Here’s how I see these concepts in my mind, hope it is interesting for you. I picture constructivism more as the individual learner being provided a foundation by the teacher, then building a house on top of it. If the learner is really motivated, s/he will decorate the inside and buy nice furniture too.
I picture Connectivism in a much less “boxy” way. The teacher provides some initial knowledge but encourages the learner to use that as more of a virtual knowledge “lilypad” to spring from. The learner is free to seek out connections and synthesise his or her own concepts, then come back to the community to share new learnings and insights. Their conceptual and social networks grow naturally as the quality of connections increase.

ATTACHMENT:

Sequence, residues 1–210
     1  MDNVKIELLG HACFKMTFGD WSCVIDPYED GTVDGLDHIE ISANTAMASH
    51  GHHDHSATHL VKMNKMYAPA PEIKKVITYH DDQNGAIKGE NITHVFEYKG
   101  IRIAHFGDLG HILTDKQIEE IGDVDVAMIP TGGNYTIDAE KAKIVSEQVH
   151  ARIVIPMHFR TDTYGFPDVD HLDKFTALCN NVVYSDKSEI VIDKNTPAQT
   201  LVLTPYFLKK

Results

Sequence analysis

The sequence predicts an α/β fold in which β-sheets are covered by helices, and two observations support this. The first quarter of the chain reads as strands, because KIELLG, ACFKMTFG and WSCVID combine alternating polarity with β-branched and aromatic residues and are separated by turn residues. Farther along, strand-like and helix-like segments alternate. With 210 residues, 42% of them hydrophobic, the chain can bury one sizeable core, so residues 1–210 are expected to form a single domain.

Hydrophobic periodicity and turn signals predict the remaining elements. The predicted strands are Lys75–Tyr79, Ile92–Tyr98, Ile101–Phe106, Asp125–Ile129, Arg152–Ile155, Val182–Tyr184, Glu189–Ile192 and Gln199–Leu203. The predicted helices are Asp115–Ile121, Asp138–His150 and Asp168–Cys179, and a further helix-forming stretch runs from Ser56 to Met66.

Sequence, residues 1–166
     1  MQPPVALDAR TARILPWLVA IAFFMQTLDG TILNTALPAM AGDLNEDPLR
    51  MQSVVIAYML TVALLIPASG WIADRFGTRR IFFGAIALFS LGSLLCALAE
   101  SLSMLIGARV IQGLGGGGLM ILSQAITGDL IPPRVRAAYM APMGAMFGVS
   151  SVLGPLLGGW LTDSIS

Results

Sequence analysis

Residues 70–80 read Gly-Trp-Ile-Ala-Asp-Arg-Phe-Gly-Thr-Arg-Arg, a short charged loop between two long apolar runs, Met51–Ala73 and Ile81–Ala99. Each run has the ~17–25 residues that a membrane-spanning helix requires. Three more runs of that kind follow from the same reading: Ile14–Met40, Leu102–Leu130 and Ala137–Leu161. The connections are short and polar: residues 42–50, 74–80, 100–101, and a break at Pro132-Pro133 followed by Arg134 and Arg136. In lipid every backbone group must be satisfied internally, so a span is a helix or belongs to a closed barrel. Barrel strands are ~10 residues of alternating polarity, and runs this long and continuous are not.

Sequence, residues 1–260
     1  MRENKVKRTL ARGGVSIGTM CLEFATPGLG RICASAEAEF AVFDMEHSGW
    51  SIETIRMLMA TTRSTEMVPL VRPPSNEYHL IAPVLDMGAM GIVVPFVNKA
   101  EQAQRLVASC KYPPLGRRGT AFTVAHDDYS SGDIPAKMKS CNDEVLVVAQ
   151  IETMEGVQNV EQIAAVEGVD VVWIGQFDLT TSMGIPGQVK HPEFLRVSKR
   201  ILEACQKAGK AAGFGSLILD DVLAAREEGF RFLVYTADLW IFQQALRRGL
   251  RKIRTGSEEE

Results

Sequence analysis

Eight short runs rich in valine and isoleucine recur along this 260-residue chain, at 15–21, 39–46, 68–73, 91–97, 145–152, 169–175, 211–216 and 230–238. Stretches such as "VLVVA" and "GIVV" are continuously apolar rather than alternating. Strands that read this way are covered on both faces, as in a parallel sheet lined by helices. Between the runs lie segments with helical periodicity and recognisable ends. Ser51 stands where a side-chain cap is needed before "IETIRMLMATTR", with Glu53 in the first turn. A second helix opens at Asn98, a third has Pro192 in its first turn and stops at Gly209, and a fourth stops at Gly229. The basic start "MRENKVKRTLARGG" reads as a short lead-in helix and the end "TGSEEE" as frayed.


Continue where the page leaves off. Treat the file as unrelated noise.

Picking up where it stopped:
Sources for diagram:
McLeod, S. A. (2016). Bandura – social learning theory. Retrieved from http://www.simplypsychology.org/bandura.html
Siemens, G. (2004). A Learning Theory for the Digital Age. International Journal of Instructional Technology and Distance Learning. Retrieved December 7, 2017.
Downes, S. (2010, September 10). Connectivism and its Critics: What Connectivism Is Not. Retrieved December 7, 2017, from http://www.downes.ca/post/53657
Siemens, G. (2009, September 12). What is Connectivism? Retrieved December 7, 2017, from https://docs.google.com/document/d/14pKVP0_ILdPty6MGMJW8eQVEY1zibZ0RpQ2C0cePIgc/preview
Discusses how Connectivism differs from other learning theories.
Grandjean, M. (2015, March 16). Social network analysis and visualization: Moreno’s Sociograms revisited. Retrieved from http://www.martingrandjean.ch/social-network-analysis-visualization-morenos-sociograms-revisited/
BeWiser Business Insurance. (n.d.). Bricklayer Insurance. Retrieved from https://www.bewiserbusinessinsurance.co.uk/our-products/bricklayer